In short, if I had to sum it up in a rule concise observation, the more you know about the world you’re creating in your fiction, the easier it will be to make that fiction interesting. I’m sure that I’m not the first person to say this (in fact, I recall hearing a piece of advice that when you run into a dead end, find out what your character’s hobbies are), but it bears repeating. Also, I think that this applies to all kinds of fiction, whether it be speculative or straight literature set in modern day Chicago, there are things that won’t be immediately obvious about a given character, and if you find yourself running into a lot of walls in your writing, you might want to take the time to dig a little and learn something new about them.

On a final note, I think that this has some bearing on the nature of creativity. Creativity is often viewed as creating something entirely new, or recombining existing elements in an interesting fashion (I personally believe the latter is vastly more common than the former, if you doubt me, go spend some time at TV Tropes), but that is only the starting point. Good narrative is two things: something new and the logical consequences of that something new. If you do only the first, you get a confused mess, if you do only the second (logical consequences sans something new) you get something even worse, boredom. I will end by disagreeing with Einstein, who said “Logic will take you from A to B. Imagination will take you everywhere.” Imagination can take you to fantastic new places, but without logic, you will find yourself earthbound, wherever you may land.

And now for some shameless self-promotion. I’ve written two stories that are part of the particular storyline I’m talking about, “Induction” and “Trust and Vulnerability“. They’re free and you should really check them out. “Induction” is also available (for free) on Smashwords for just about any format, I hope to get the rest of Broken Shores up there as well, this year.

2013 Recap

December 30th, 2013  |  Published in announcement

If you have been listening, you will know that this blog has been silent for most of the year. Sorry about that. The primary reason is that 2013 was my first full year as a father, which has been an all-around wonderful experience but one that has taken a large chunk out of my free time. Fair warning, 2014 will likely follow a similar path, although I do hope to spend a bit more time on the blog. Enough about that, what have I been doing besides parenting?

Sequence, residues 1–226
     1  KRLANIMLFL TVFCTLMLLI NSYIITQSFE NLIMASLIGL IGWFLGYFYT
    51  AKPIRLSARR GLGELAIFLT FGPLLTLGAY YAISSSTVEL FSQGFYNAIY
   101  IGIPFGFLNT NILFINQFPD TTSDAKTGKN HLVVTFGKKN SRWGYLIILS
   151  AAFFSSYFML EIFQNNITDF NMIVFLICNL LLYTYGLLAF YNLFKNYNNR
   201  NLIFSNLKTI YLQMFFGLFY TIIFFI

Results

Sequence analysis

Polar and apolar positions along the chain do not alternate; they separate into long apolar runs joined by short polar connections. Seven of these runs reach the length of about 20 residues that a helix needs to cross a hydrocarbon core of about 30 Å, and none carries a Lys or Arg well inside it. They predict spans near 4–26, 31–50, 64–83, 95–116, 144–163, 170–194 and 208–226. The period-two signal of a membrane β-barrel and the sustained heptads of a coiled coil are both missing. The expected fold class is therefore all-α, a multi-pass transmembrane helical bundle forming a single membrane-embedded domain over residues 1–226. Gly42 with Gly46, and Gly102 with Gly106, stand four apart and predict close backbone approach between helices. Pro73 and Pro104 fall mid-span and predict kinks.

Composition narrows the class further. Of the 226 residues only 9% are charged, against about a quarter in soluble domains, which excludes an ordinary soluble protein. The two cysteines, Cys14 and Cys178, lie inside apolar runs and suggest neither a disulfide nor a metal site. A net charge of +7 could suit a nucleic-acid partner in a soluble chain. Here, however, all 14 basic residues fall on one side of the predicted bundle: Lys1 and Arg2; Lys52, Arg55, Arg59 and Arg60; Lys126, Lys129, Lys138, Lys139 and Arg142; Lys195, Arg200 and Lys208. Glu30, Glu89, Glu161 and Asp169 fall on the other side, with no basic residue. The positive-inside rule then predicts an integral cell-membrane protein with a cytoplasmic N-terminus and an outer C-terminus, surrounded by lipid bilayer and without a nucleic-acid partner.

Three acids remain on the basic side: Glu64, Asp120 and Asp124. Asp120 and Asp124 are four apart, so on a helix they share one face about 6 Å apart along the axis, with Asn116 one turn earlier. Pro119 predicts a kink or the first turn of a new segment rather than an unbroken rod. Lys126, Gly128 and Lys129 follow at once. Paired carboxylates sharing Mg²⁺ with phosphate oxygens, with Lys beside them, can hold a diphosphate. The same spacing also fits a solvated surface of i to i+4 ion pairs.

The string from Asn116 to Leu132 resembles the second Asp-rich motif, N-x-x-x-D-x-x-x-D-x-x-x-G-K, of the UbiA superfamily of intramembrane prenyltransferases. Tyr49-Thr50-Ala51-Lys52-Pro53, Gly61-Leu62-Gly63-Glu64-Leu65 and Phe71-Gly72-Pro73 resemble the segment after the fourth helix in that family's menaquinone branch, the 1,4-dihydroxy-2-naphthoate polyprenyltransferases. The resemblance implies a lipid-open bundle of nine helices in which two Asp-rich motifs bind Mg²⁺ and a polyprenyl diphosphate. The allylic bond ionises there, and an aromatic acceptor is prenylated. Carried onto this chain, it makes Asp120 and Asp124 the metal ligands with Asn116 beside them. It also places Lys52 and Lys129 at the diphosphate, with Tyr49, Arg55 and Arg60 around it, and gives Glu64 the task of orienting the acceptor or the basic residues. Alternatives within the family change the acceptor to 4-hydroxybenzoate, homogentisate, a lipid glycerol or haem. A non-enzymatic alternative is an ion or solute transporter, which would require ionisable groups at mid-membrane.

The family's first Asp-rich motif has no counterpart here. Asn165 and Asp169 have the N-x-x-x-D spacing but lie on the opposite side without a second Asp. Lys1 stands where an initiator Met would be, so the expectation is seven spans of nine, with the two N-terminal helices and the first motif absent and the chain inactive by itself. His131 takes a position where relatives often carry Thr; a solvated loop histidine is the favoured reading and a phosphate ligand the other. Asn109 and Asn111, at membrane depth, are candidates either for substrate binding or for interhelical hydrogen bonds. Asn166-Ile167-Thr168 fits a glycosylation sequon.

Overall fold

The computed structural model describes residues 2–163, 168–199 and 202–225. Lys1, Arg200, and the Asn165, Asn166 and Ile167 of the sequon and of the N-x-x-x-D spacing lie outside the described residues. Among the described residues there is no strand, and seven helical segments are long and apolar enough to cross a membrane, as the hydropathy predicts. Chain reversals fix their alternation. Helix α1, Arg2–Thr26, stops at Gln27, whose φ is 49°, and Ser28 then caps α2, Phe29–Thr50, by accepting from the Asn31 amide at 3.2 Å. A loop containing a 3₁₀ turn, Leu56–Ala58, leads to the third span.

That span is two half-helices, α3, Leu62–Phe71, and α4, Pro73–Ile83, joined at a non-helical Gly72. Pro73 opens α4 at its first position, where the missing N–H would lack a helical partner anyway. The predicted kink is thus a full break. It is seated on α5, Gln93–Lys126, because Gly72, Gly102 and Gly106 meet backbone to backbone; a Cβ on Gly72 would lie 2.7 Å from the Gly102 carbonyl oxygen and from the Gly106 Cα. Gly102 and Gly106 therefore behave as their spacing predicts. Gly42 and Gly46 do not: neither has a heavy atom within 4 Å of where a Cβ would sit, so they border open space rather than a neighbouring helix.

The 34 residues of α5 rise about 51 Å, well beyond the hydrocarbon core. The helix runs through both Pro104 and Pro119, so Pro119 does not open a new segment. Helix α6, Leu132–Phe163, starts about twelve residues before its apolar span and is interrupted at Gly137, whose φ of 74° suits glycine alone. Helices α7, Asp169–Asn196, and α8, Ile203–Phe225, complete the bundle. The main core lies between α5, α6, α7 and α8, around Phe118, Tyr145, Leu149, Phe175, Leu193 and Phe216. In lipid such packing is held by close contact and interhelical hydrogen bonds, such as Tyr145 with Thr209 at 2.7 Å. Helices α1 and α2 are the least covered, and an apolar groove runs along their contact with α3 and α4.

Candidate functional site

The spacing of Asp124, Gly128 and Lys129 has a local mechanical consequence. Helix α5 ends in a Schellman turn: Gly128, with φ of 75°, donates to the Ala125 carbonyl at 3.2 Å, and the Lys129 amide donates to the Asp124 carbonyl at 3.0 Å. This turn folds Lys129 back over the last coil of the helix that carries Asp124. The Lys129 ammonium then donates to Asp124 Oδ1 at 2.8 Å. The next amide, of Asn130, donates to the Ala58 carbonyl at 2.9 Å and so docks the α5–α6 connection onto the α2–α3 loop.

I read less than I did in 2012, but not by too much, according to goodreads I read 103 books this year. I did do a couple of interesting things on the reading front, however. First of all, I made a goal of finishing as many series as possible, having started many and left them hanging. These included the Virga series, the Magister trilogy, the Family Trade series, the Wheel of Time, and probably others that don’t come to mind at the moment. The second thing I did that I plan on repeating was to read nothing but short stories in the month of May (which is Short Story Appreciation Month). I read and listened to a whole lot of stuff, some of which was good some of which wasn’t. If you are a writer, you should give this a shot, as I had more story ideas during that month than during any other (a couple of which I may even get around to writing in 2014, more on that later). It was refreshing. Below is a list of the books which I have given five stars on goodreads this year, I would recommend all of them, but keep in mind that a few might fall in the middle of a series.

  • A Canticle for Leibowitz by Walter M. Miller, Jr.
  • The Ocean at the End of the Lane by Neil Gaiman
  • The Hero of Ages by Brandon Sanderson
  • Antiagon Fire by L.E. Modesitt, Jr.
  • Who Owns the Future by Jaron Lanier
  • City of Thieves by David Benioff
  • The Well of Ascension by Brandon Sanderson
  • The Way of Kings by Brandon Sanderson
  • Mind of the Raven by Bernd Heinrich
  • Colors of Chaos by L.E. Modesitt, Jr.
  • The Rithmatist by Brandon Sanderson
  • Sleepless by Charlie Huston